For several years almond growers throughout the Central Valley have been hoping to reach the two billion pound barrier, and with the 2011-12 crop year they will likely be closer than ever.
The United States Department of Agriculture has forecasted an all-time, record-breaking almond crop of 1.95 billion meat pounds — based on 750,000 California almond bearing acres.
This year’s haul is expected to be up 19 percent from the 2010 harvest of 1.62 billion pounds.
Early this spring almond growers faced chilly, wet weather and a shortage of honey bees for pollination. Despite the challenges, the late cold weather actually lengthened the bloom, bees managed to pollinate and weather damage to the almond trees was minimal.
In early May the USDA predicted an already impressive 1.75 billion pound crop, but over the past two months that number has ballooned 11 percent.
The average nut set per tree is 7,353, up 23 percent from 2010.
For the nearly 6,000 almond growers in the Central Valley, the big news provides further proof and vindication of the almond’s importance in California’s economic viability.
“It’s pretty evident that agriculture and almonds are the backbone of California. We’re keeping a whole segment of the state’s economy afloat. Imagine what would happen if you took the almond industry out of Merced, Stanislaus, Madera and Fresno counties,” said Scott Hunter, Almond Board of California (ABC) public relations chair.
Hunter said the largest recorded almond crop in history came just in the nick of time to create a steady supply for record levels of demand shipments domestically and in Asia and India.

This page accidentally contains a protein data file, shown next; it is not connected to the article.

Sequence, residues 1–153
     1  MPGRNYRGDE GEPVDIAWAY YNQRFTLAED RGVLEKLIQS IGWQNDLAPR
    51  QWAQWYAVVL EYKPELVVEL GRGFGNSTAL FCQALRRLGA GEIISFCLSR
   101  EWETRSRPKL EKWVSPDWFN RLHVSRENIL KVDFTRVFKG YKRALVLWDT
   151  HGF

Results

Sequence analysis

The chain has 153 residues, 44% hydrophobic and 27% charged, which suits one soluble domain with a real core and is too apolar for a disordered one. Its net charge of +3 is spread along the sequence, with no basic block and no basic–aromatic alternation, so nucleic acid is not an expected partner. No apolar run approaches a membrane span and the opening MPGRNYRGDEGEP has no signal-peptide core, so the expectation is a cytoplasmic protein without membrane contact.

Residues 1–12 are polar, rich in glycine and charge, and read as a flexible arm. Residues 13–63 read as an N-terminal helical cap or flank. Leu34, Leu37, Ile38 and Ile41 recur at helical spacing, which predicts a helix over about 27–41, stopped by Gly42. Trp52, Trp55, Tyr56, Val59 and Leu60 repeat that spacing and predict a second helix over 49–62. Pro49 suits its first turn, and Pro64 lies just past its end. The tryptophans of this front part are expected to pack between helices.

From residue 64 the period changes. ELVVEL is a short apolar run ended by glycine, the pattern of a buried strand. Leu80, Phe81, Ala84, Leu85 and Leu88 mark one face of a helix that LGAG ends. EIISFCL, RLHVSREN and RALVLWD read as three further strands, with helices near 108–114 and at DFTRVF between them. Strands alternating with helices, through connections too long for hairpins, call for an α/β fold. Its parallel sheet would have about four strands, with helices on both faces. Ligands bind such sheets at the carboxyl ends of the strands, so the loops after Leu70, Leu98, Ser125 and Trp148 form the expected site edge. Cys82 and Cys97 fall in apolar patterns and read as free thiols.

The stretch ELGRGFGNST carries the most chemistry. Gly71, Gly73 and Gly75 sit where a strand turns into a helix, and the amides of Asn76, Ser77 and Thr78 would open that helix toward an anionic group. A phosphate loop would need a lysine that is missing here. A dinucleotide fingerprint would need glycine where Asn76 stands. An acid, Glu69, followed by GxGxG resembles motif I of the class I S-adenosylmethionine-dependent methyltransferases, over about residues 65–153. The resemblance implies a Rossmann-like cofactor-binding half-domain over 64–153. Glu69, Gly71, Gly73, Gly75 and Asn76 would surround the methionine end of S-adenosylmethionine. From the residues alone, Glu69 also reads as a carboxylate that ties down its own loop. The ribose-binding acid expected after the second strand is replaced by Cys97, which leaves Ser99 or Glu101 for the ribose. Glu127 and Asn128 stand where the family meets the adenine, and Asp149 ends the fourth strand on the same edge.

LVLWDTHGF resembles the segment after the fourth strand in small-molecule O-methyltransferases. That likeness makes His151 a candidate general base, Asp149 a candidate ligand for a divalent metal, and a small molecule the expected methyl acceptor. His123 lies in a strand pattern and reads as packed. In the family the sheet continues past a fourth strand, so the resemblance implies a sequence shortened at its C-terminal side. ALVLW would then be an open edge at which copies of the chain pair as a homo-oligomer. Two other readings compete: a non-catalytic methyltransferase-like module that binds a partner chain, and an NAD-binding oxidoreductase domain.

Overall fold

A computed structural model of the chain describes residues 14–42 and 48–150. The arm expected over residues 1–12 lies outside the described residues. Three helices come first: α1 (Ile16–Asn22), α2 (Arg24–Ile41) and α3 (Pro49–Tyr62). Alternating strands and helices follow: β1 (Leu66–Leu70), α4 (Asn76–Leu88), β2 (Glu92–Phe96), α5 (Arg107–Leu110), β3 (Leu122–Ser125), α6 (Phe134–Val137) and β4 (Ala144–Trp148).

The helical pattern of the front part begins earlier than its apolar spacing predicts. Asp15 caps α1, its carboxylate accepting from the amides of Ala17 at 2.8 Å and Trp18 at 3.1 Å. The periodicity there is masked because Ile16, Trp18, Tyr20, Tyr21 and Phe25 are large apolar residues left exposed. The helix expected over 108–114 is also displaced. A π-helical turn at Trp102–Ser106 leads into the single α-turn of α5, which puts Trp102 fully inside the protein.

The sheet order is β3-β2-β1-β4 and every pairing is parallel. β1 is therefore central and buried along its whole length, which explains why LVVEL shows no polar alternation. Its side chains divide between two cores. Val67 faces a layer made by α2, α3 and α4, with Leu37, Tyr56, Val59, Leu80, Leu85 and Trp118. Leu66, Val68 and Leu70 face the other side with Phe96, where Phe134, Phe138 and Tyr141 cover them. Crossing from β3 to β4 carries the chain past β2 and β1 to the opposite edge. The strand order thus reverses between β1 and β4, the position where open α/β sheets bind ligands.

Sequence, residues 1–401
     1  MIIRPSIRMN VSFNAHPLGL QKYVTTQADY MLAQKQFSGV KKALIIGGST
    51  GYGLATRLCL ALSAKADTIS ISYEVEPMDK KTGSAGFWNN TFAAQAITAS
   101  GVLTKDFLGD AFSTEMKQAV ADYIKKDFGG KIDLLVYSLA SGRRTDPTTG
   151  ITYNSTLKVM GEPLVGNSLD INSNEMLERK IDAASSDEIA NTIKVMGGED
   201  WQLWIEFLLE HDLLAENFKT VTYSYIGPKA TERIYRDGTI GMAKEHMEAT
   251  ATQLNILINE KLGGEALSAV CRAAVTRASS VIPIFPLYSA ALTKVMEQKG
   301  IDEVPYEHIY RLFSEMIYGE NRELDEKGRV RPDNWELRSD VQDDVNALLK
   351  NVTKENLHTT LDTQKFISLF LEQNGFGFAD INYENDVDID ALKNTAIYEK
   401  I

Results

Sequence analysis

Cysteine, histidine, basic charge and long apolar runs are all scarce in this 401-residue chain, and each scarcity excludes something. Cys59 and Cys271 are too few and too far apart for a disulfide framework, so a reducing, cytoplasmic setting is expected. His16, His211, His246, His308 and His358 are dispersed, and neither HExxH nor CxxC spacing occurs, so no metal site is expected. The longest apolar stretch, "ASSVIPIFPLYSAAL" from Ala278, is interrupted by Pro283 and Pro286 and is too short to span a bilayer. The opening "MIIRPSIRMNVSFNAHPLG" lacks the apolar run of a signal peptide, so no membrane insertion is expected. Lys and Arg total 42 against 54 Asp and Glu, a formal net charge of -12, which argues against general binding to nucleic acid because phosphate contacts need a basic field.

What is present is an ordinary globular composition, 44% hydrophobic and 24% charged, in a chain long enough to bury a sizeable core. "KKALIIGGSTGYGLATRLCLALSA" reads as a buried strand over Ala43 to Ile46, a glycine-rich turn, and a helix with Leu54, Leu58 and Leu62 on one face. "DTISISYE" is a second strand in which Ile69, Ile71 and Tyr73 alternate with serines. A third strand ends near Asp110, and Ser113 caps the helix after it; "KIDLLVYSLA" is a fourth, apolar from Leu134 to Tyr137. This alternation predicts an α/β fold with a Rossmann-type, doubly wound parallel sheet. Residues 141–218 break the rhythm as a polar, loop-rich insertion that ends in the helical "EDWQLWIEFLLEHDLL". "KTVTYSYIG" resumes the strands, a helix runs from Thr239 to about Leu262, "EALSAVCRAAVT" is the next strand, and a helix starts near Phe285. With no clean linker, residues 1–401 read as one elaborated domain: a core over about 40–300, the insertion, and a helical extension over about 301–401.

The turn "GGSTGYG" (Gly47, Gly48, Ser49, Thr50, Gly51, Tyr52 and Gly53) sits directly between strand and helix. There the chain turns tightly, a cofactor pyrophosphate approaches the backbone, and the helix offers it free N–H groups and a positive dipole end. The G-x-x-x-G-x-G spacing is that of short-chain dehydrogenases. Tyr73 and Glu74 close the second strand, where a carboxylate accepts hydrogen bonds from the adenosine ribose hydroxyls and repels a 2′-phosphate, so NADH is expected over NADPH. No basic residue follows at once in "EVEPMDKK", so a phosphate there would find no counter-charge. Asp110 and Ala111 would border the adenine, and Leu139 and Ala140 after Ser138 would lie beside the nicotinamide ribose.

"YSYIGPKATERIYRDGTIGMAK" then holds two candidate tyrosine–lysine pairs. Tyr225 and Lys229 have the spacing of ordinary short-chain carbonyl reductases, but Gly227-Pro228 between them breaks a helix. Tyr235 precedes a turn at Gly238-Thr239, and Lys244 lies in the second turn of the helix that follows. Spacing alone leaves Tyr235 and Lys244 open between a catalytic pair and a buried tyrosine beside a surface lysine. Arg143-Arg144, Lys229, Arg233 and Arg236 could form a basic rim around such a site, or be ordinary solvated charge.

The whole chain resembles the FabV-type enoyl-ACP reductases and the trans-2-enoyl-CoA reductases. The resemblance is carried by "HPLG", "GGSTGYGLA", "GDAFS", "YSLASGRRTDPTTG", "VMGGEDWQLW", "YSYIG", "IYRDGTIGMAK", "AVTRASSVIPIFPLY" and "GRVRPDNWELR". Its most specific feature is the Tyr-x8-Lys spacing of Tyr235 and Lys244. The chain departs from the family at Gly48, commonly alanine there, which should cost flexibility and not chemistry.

According to the ABC’s 2010 Almanac, almonds are now the top nut in Asia. Almond shipments in North America have increased from 233 million pounds in 2000 to nearly 500 million pounds in 2010.
“The almond industry has done a great job domestically and now we are investing in global almond demand by looking at market research in China and India,” said Hunter. “Consumers there are just like the U.S., they want that crunchy, heart-healthy food that almonds provide.”
In 2009, almonds were the top U.S. specialty crop export by value, nearly doubling wine and apples. In California almonds were the top crop as well, beating out dairy products.
In spite of an increase, Hunter, a grower in Merced County, does not envision a price reduction for almonds.
“I’m very optimistic. With record shipments, the price is going to be stable,” he said.
With demand growing the challenge for almond growers will continue and California growers’ goal of two billion pounds is within sight.
“With record shipments up 13 percent August 2010 through May 2011, the real story is that customers and consumers around the world are loving California almonds more each year, which means that our industry must keep pace with that demand by expanding its acreage and its productivity,” said ABC president and CEO Richard Waycott.
To contact Jonathan McCorkell, e-mail email@example.com or call 634-9141 ext. 2015.